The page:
Any company with more than one shareholder should give some thought to whether or not they should implement a unanimous shareholders’ agreement (a “USA”). USAs give shareholders the flexibility to set out exactly how a corporation will be structured, how decisions will be made and how disputes will be resolved, among many other things. Generally speaking, they allow shareholders to carefully control various aspects of the corporation and allow a great deal of flexibility in doing so. The following are some key ways in which a USA can help shareholders maintain control over their companies:
- Control over the Business. One of the key aspects that a USA will address is how a business is structured. USAs allow shareholders to agree ahead of time on how they want the board of directors to be structured. One common example is where the founder of a small company wants to issue shares to her partners, but wants to maintain a seat on the board of directors. This can be explicitly set out in the USA to allow the founder to bring in new partners and shareholders, while ensuring she maintains a seat at the table.
- Control over Business Decisions. Another important provision to consider in a USA is whether (and how) shareholders will maintain control over certain decisions that are made by the Corporation. For instance, many USAs will list a set of key decisions that may not be taken by the board without the approval of a certain threshold of shareholders, or in some cases, certain named shareholders (such as the founder). For example, the USA could stipulate that new shares may not be issued without the approval of shareholders holding a majority of the company’s shares, and if desirable can explicitly give any one or more individuals (by name) veto rights over any such decision.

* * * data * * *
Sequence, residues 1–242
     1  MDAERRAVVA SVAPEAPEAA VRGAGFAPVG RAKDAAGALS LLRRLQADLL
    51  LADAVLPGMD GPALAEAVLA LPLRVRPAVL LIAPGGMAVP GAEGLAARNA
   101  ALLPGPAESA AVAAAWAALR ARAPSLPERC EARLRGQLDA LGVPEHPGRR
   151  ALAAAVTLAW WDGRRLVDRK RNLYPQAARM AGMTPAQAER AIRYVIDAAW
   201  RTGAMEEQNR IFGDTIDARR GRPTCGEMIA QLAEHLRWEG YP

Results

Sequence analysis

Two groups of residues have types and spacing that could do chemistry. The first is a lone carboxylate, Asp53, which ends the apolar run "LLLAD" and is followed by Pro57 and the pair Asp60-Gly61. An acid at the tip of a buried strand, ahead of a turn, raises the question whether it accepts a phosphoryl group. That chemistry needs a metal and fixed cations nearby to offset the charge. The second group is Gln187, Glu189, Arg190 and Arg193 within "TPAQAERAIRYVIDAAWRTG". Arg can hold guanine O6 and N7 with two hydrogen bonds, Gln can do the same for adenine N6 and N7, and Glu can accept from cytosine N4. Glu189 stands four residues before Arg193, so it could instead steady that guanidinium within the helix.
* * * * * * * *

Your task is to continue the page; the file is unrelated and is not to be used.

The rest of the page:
Another common way that shareholders can maintain a certain level of control over business decisions is through the use of drag-along rights. These rights prevent minority shareholders from resisting or dissenting to the sale of the company as long as a certain portion of shareholders agrees to sell.
- Control over Shares. There are many reasons why a shareholder may exit a company. Without proper restrictions in place, this may lead to the remaining shareholders being forced into business with someone they do not know, trust, or want to work with. A property structured USA will ensure that shares can only be sold to third-parties where the other shareholders either agree, or have been given the opportunity to buy the shares themselves.
- Control over Disputes. One of the most important aspects of a USA is that it allows to determine how disputes among them, or between them and the company will be resolved. Whether it be by negotiation, mediation, arbitration, a court of law, or some combination of these. Furthermore, shareholders can ensure that any legal action in respect of the Shareholders’ Agreement is brought within a certain jurisdiction (i.e. Ontario), which is particularly important where a company does business in more than one province or country.
These are just a small sample of the provisions that shareholders can include in a USA to maintain control and flexibility within their company. Ultimately, the USA is a very useful and flexible tool that, if used properly, can allow a company to run efficiently and effectively both in the short term, and well into the future.